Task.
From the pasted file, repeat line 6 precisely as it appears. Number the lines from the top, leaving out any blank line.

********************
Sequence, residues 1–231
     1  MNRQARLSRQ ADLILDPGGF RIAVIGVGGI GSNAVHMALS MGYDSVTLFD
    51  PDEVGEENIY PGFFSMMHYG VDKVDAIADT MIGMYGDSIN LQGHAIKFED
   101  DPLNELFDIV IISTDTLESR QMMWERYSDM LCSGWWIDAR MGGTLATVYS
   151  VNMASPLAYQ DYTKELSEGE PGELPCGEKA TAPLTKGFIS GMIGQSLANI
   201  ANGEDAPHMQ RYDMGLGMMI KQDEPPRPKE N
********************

   201  ANGEDAPHMQ RYDMGLGMMI KQDEPPRPKE N